Along with rusting and tea dyeing, I have been thinking a lot about other ways to mark and stain fabric. And I suppose that's what triggered an old memory to pop in my head...
While driving in the car last week, I suddenly remembered a kid's magic book that I had when I was little, and of one specific trick... how to make invisible ink.
Do you remember that trick? It involved paper, lemon juice and a lightbulb. (The old fashioned incandescent ones that burned so bright and hot that they could burn your skin off and blind you at the same time. Those sure were the good old days.) The trick was simple... just write a message onto the paper using the lemon juice and let it dry, resulting in a blank and wee bit crinkly piece of paper. Then hold that paper over the hot light bulb and magically watch your message appear!
This random memory made me wonder if the same thing would happen if fabric were substituted for the paper, and a hot iron for the lightbulb... so soon as I got home, I tried it...
Lo and behold, it worked!
These samples above were done by folding the fabric then applying the juice, and the samples below were done by placing spots of juice onto the fabric.
So why does this work, (on paper and/or on fabric)?
Well, from what I read, (lots of info on doing this with paper, none that I could find on doing it on fabric) it has to do with certain organic substances, (lemon juice being one of them) that due to their mild acid content and occurring oxidation, heat up quicker then the paper, (or in my case fabric) resulting in the heat source scorching the areas of the paper, (or fabric) that came into contact with the substance. Orange juice, milk, honey, vinegar, and white wine are some other organic substances that can cause a similar effect.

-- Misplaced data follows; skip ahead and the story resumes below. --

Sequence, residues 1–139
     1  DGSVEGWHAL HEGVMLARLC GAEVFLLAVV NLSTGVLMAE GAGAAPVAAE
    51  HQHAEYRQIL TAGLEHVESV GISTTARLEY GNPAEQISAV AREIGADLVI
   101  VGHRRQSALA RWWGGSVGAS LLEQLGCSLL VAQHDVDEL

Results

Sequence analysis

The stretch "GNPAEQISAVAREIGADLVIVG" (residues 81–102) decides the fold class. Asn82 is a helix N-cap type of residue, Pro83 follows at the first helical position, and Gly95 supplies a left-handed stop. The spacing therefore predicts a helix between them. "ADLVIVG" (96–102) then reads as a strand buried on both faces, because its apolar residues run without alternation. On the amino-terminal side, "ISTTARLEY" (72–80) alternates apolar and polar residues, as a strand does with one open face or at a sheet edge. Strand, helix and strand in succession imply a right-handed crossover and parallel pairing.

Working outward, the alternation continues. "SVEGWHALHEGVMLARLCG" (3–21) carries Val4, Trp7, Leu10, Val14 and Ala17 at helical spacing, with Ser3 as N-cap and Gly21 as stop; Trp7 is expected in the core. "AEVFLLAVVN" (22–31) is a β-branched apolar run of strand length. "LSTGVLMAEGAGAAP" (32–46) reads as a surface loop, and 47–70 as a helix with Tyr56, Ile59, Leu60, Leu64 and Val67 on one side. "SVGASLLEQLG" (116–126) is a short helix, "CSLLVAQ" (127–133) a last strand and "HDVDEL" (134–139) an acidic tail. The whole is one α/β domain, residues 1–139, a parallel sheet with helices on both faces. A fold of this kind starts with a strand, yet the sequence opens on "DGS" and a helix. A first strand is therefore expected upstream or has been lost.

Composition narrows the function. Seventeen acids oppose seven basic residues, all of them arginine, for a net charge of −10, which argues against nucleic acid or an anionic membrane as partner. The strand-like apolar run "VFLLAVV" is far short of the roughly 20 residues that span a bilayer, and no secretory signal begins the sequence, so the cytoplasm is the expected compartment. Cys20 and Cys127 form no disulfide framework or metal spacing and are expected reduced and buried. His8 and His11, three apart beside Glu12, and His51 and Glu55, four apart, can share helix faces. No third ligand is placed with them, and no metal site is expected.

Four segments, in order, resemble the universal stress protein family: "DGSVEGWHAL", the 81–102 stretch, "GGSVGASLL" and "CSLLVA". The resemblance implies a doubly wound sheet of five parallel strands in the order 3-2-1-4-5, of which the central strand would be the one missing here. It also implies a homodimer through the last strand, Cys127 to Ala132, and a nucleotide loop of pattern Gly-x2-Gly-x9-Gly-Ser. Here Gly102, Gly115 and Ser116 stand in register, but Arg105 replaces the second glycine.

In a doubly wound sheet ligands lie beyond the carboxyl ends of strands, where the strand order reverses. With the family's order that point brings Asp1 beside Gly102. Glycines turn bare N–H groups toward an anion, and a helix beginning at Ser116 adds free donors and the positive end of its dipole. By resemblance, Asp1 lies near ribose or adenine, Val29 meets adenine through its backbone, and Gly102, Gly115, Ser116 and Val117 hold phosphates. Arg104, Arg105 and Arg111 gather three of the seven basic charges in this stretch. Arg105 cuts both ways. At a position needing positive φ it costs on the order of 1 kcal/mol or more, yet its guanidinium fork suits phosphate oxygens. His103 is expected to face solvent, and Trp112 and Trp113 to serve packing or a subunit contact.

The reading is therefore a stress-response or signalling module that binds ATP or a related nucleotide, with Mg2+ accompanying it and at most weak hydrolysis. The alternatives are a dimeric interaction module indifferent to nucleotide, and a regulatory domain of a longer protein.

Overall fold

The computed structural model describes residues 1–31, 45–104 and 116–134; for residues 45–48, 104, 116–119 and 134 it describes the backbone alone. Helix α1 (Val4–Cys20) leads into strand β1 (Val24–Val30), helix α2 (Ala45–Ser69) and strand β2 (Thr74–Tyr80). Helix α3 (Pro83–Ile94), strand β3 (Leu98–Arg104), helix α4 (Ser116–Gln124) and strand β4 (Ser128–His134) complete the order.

Because of the mild acid content, I can't say what the long term effects of this method may be. However, lemon juice has long been used to help bleach stains out of fabric. Heck, even Martha Stewart recommends using lemon juice to bleach out stains in your linens... so I am not too, worried about the long term effects. Just as a precaution though, I did soak all my finished samples in a solution of water and baking soda to help neutralize any acidity, then followed with a hand wash and rinse, and would recommend anyone wanting to try this to do the same before using in projects.
P.S. Be warned, this method can leave scorching on the bottom of your iron's sole plate as well as your ironing board cover, messing them both up, (especially is you are impatient like I can be, and start ironing before the lemon juice has dried)! So, use a cheap or old iron that you don't care about, (you can usually get a $12 or $13 iron at Target and other stores) and a cheap ironing board cover as well.